Take the News Off the Front Page And Give It Back To Advertising


When almost everyone in the industry is complaining about covering up the front of the paper with advertisement when I first read this article I thought it was a joke but it is not. It is an interesting article.

If newspaper publishers are really serious about seeking new business models so they have the money to produce a great local editorial product, thus maintaining and increasing circulation, then in non-competitive markets maybe now is the time to dump news from the front page and give all that prime space to advertising.

Heresy, you say! Not at all. It is just going back to the good old days. Have you ever wondered why so many newspapers had in their masthead the word “Advertiser”?

There’s such a hue and cry in the US every time another newspaper dares to give some front page space to advertising. But the true question is, in a non-competitive market, why not hand over the front page entirely to the advertisers. It’s prime real estate. Advertisers will pay true premium rates for it, and does it really matter if the top news of the day doesn’t show up until pages two, three, or four (if you’re going to sell the entire front page then you might as well try and sell pages two, three, and four as well.)

So by now you think this is all a big joke. Far from it. Very serious. With newsrooms being decimated and digital not taking up the financial slack for some years to come something drastic has to be done, so why not go back to what worked in the past. All too often at our peril we forget from history what has worked before.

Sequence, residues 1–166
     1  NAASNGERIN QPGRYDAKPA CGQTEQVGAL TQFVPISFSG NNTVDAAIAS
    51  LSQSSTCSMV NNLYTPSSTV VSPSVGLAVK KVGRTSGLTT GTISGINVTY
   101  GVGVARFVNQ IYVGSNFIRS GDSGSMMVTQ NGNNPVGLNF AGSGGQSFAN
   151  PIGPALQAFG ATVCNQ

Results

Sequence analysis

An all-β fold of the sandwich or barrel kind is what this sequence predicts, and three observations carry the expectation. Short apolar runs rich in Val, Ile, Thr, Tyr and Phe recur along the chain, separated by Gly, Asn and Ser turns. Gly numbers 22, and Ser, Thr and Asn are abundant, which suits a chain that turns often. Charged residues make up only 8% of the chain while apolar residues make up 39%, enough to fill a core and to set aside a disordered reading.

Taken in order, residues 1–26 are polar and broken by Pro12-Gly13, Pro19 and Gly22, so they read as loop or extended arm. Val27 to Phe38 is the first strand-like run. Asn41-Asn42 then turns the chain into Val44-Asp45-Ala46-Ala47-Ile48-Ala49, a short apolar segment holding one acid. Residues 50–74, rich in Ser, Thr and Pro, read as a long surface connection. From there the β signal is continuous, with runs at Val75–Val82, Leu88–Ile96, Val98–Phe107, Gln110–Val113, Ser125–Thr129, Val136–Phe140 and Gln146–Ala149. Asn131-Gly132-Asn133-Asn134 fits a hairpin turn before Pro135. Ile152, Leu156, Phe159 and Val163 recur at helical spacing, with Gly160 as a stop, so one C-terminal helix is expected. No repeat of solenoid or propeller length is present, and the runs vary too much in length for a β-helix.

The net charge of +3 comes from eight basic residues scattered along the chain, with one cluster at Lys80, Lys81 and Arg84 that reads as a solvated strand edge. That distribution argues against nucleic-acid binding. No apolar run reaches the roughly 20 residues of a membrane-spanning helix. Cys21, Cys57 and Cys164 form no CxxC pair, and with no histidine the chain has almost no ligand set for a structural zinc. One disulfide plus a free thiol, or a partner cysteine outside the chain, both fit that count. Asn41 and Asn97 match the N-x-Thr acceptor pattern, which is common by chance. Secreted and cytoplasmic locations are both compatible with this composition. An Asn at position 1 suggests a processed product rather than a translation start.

Would it surprise you that the august Times of London ran only personal classified ads on its front page until 1966? Would it surprise you that it was until well after then that in Finland the first few pages of metropolitan newspapers used to be entirely display advertising sold at very premium rates – talk about a license to print money!

And since many newspapers today are in non-competitive markets what difference does it make what’s on the front page? You either subscribe to the paper or you don’t, and in those non-competitive markets there’s not that many newsstand sales made because the headline catches one’s attention.

Like I said the article is very clever and worth a read here.

Maybe we all have to rethink the reality of what is happening with publications in this digital age.